Poem Project – entry #6 The Swing
The Swing by Robert Louis Stevenson
How do you like to go up in a swing,
Up in the air so blue?
Oh, I do think it the pleasantest thing
Ever a child can do!
Up in the air and over the wall,
Till I can see so wide,
Rivers and trees and cattle and all
Over the countryside—
Till I look down on the garden green,
Down on the roof so brown—
Up in the air I go flying again,
Up in the air and down!
A Child’s Garden of Verses was a favorite of my family. We had a particular edition with illustrations by Gyo Fugikawa. This book was such a part of our childhood that my parents made sure we all had copies of it when we left home.
I can’t imagine a childhood without the recitation of poetry or lines from favorite books. My parents sometimes greeted each other with “Do you like my hat?” from Go, Dog, Go. A.A. Milne’s poetry was often chanted in our household – “James, James, Morrison, Morrison….” The connections to family memory, the cadence, rhyme, and imagery of the poems, are powerful elements of the poetry experience for me. I pity children that grow up without it.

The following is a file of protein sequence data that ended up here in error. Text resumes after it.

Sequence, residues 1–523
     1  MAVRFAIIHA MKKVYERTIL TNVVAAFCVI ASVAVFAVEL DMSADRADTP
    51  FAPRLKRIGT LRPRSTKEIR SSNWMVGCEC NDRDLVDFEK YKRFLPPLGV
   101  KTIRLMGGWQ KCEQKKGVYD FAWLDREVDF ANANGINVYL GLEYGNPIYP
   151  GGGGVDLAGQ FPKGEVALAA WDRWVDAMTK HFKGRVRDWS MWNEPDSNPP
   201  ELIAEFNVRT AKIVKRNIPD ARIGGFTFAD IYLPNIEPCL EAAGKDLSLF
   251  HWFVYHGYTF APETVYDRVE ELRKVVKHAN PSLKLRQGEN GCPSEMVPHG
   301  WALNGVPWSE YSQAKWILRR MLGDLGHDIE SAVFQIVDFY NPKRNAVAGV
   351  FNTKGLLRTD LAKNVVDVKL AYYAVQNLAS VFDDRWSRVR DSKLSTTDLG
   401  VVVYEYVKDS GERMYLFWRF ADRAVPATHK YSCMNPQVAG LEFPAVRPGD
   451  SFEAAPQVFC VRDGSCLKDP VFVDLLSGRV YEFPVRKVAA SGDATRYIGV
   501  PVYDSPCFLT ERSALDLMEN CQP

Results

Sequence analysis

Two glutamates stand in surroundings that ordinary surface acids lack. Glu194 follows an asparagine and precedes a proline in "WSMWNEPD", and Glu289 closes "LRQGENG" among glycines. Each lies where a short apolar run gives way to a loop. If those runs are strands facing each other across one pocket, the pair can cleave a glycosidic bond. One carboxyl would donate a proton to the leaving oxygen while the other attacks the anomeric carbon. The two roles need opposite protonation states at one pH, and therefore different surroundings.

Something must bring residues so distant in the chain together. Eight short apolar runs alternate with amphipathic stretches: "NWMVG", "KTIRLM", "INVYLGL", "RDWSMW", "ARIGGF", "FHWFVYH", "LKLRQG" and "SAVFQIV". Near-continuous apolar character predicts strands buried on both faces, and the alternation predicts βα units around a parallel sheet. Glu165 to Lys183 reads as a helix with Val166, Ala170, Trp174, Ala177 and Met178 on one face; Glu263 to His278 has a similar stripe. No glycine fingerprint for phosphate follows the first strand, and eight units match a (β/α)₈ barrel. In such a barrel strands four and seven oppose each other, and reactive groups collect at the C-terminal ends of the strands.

My first poetry project was another of Stevenson’s poems, Where Go the Boats? I grew up in a family that enjoyed boats of all sizes so as a child I connected to the poem because floating vessels were part of family outings. Of course the wonderful thing about good poetry is that it isn’t just a one time experience. Reading verses again and again brings new connections to both imagery and language.
I’ll probably do another Stevenson poem over the course of the year but I’ve had The Swing poem floating in my mind for a while.